Speculative fiction, and science fiction in particular, poses that all-important question: What if?
We briefly discussed Stephen King's short story "Night Surf" today in literature class, and a perceptive student asked a good question in light of the story's content: where does the line between science fiction and science grow blurry?
In "Night Surf," the world has been laid low by King's famous Captain Trips flu virus, the venerable A6. And while H1N1 hasn't quite been the calamity it was introduced as months ago, we've seen cycles of horrific flu strains that have killed large human populations in the past.
That question about the intersection between prose speculation and the reality of what happens on a day-to-day basis is explored to great effect in Paolo Bacigalupi's story "Pump Six." This story is about devolution. It's about living in a dystopic hell of our own creation. It's about the loss of learning and the institutions that foster creativity and intellect.
It's a hell of a cynical yarn and a truly well-written one at that.
Bacigalupi's prose style is accessible and crisp. In some passages, his ability to convey altered consciousness in noisy club is poetic:
A girl in torn knee socks and a nun's habit was mewling in the bathroom when Maggie found us and pulled us apart and took me on the floor with people walking around us and trying to use the stainless steel piss troughs, but then Max grabbed me and I couldn't tell if we'd been doing it on the bar and if that was the problem or if I was just taking a leak in the wrong place but Max kept complaining about bubbles in his gin and riot a riot a RIOT that he was going to have on his hands if these Effy freaks didn't get their liquor and he shoved me down under the bar where tubes come out of vats of gin and tonic and it was like floating inside the guts of an octopus with the waves of the kettle drums booming away above me.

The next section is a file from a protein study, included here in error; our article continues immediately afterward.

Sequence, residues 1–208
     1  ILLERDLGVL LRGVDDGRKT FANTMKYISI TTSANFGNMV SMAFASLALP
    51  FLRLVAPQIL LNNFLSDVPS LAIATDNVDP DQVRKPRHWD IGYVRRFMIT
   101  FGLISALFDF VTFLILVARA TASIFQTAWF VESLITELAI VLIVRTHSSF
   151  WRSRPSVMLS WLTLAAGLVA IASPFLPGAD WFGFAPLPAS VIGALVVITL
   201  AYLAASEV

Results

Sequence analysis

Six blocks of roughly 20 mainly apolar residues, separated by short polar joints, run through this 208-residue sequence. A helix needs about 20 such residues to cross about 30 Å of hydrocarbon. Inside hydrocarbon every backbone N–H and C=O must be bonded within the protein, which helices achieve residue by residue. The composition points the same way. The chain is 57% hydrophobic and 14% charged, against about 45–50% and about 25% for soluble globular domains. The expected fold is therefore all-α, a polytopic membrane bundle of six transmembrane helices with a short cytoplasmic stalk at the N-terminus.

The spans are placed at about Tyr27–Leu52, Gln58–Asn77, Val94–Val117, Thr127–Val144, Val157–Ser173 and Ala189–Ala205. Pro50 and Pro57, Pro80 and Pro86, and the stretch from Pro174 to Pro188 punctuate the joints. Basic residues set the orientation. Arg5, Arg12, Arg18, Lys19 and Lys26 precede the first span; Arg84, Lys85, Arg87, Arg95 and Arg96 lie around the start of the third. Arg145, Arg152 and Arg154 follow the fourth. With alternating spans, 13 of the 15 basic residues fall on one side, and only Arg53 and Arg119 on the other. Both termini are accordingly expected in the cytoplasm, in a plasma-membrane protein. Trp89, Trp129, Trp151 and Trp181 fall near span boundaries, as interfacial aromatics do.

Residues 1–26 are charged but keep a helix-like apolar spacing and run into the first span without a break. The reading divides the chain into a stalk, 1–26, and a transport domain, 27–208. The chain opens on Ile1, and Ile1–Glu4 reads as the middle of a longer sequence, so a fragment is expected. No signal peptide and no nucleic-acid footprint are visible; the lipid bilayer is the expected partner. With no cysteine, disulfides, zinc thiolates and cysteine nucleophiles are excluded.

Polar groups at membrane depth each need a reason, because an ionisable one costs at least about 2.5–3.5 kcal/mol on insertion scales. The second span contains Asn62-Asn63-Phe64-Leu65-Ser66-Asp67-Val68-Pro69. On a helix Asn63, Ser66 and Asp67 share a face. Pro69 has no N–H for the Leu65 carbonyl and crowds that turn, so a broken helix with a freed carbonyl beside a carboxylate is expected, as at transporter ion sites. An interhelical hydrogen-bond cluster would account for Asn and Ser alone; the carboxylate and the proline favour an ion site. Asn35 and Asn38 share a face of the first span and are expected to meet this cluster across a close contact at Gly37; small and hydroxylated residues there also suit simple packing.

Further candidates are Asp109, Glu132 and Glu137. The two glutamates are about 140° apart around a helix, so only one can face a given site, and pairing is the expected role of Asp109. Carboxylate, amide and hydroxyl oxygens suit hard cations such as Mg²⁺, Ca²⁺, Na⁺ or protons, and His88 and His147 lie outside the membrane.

That passage is so well-suited to the narrative that I recall reading it immediately twice on my first pass through the tale. Our story is told in the first person, following Travis Alvarez on his quest to keep the sewage pumps from failing and flooding the over-populated city with excrement.
The landscape is littered with subhuman groups of trogs, ape-like simpletons who roam the streets, begging and fornicating. These literal symbols of devolution show up at opportune moments to underline the story's central message: culture is breaking down.
As pump six fails, Alvarez sets out to learn about a repair. He finds that the original creators of the machine have been out of business for decades (the old saw here "They don't build them like they used to" is crucial to the story's theme), so he sets out to find some engineers to help him out. Unfortunately, Columbia University is in ruins, its smattering of privileged students just as base as the trogs humping in the alleys.
This story was chilling. A taut, tight narrative that moves well, it marks Bacigalupi as a talent to watch in the sci-fi field. His theories are not without controversy, though anyone making an argument against the dangers of global populations run amok is missing the point, I think.
Stephen King's "Morality" is another big-idea story. It plays with topics such as the relative degrees of sin, depravity and experience. It's mostly interested in toying with perceptions of internal conflict and how our actions speak for our character (both reflecting our character and revising it).
Postulate: would you punch a four-year-old in the mouth for $200,000?
Would you do it if you were broke and living in an historic recession?
Would you do it if you didn't have any job prospects?
Would you do it if you knew you wouldn't be caught?
Do any of those questions really impact your answer to the postulate?